DNA repair mechanism manipulated to delete genes without leaving a scar
Genes may now be deleted without creating a scar in certain strains of Escherichia coli and other microorganisms, thanks to A*STAR researchers. The technique makes it easier to string together several genetic engineering steps without interference caused by a deletion scar.
Scientists currently delete genes by manipulating a process known as homologous recombination. Nucleotide sequences change places with the target gene during homologous recombination and are left behind as a genetic scar, undermining the effectiveness of subsequent deletions. As scars accumulate, the recombination process is more likely to recognize them than the target gene, disrupting the deletion attempt.
The scar-free deletion trick developed by Hua Zhao and colleagues at the A*STAR Institute of Chemical and Engineering Sciences utilizes a natural DNA repair mechanism. Gene duplication events or errors during replication occasionally lead to the formation of a mirrored DNA sequence known as an inverted repeat. Since the repeated segments in an inverted repeat are complementary, they bind to each other and form a loop structure. While short loops have a biological role, longer loops can damage the genome and are therefore cut out by repair machinery.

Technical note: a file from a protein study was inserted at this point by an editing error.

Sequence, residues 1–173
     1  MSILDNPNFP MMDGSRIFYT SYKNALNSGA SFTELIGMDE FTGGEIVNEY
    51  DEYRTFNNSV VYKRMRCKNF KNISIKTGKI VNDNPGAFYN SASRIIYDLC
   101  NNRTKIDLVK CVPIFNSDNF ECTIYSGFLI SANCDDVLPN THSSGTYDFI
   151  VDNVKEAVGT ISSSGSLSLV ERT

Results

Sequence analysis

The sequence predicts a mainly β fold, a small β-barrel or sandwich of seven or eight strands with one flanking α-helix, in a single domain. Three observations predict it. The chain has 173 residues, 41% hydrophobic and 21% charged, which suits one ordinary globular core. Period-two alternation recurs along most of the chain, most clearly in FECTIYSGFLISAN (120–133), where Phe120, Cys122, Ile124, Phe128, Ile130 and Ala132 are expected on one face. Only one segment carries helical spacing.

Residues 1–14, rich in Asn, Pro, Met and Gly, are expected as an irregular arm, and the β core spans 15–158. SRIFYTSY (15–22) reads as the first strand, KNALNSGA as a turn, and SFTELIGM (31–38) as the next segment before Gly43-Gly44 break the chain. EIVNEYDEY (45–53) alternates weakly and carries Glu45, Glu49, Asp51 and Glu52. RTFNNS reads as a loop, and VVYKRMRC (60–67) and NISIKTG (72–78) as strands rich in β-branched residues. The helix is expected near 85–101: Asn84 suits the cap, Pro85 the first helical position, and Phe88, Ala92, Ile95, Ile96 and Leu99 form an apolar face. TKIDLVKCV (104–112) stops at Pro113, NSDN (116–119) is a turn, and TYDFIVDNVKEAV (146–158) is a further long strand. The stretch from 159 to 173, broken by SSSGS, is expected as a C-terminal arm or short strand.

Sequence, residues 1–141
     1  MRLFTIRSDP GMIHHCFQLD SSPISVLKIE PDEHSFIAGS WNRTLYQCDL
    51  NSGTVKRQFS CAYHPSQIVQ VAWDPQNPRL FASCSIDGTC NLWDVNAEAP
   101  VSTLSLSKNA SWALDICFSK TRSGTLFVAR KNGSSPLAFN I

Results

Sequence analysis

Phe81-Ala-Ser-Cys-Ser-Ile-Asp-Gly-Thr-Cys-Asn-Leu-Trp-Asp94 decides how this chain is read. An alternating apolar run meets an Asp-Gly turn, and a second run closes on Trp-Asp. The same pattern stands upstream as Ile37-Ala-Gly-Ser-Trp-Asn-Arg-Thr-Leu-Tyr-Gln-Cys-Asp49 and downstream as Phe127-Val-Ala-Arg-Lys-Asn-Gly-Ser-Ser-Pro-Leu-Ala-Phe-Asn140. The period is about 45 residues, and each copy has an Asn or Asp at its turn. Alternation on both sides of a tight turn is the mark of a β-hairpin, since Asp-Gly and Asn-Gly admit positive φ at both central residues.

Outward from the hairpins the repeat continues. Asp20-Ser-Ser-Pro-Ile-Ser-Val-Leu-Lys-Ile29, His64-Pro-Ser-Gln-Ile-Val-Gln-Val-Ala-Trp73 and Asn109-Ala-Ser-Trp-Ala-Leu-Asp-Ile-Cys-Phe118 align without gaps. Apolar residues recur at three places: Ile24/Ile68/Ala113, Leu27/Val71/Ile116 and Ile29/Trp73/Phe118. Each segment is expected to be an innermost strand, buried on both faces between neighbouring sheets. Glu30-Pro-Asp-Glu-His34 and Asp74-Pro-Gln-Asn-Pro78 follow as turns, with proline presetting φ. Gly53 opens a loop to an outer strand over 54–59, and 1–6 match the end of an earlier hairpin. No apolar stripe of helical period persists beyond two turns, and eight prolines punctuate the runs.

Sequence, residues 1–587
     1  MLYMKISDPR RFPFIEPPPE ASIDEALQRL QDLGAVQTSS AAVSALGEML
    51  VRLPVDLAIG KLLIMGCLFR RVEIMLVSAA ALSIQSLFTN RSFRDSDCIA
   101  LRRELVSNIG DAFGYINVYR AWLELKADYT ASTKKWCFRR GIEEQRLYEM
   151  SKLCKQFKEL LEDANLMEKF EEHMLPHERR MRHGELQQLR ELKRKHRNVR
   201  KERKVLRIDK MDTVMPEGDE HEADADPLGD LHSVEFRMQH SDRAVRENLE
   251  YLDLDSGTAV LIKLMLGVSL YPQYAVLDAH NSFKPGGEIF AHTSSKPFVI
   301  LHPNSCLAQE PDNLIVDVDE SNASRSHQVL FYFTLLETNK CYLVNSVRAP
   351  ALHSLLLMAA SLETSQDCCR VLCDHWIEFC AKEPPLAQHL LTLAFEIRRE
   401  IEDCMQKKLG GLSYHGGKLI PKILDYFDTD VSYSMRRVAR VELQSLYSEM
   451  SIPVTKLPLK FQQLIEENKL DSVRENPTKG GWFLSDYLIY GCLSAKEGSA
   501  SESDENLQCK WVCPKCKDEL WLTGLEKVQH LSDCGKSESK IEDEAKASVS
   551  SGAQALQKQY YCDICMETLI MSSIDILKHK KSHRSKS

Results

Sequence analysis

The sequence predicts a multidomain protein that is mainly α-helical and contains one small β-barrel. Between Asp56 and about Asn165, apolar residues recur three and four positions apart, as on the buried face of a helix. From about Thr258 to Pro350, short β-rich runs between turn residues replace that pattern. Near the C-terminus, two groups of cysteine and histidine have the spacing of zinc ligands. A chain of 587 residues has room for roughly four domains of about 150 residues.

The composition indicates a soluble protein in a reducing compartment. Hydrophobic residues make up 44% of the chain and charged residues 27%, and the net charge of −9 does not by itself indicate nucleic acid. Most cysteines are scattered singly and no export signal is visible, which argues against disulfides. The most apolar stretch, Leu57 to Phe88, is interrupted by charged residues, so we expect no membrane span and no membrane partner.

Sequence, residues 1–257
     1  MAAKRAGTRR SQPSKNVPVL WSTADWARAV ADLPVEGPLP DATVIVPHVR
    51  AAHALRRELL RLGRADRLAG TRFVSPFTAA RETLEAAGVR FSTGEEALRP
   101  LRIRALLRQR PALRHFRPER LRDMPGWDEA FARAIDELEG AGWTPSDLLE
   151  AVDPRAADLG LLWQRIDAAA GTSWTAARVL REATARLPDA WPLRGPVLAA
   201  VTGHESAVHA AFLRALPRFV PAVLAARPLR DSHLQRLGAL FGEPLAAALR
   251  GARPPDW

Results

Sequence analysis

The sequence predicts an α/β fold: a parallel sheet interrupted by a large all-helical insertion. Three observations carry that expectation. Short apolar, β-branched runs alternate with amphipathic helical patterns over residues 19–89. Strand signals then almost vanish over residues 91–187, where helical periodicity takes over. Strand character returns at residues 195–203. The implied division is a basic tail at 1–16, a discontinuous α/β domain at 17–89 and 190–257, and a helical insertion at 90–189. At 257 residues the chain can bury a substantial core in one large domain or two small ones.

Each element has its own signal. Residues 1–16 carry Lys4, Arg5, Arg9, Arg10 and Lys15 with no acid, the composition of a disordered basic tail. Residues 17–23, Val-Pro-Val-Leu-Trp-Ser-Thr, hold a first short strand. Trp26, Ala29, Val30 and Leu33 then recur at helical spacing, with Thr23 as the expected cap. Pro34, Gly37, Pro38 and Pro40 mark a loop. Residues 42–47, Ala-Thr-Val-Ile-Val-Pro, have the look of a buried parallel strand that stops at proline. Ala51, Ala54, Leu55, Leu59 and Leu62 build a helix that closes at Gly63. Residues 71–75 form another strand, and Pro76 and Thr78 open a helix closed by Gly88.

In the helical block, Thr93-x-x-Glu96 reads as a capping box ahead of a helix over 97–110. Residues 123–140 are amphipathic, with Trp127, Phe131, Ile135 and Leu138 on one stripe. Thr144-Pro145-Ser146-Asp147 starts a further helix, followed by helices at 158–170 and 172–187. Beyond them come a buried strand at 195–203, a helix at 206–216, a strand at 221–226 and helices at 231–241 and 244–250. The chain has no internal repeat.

"The key insight was the extreme instability of inverted repeats in the E. coli genome, which we and others observed. That prompted us to explore its application in gene deletion," says Zhao.
To delete a gene, Zhao's team prepares a DNA fragment, which includes an inverted repeat of part of the target gene. They then insert the fragment into the genome adjacent to the gene. The inverted repeats form a loop, and the repair machinery swoops in to snip them out. Since the repair process does not always happen, the team also engineers a selection marker into the fragment, enabling them to detect colonies in which it has been cut out.
Zhao's team successfully repeated their method on three different E. coli genes. They also tested inverted repeats of different lengths to determine which worked best. While shorter repeats were less likely to be excised, longer repeats did not integrate into the genome as often.
Engineering E. coli to produce biochemicals often involves the deletion of multiple genes. According to Zhao, approaches presently only allow four genes to be deleted in sequence. "After that, further deletions create trouble because of recombination between the deletion scars. Our new method doesn't introduce scars, so recombination won't be a problem for multiple deletions."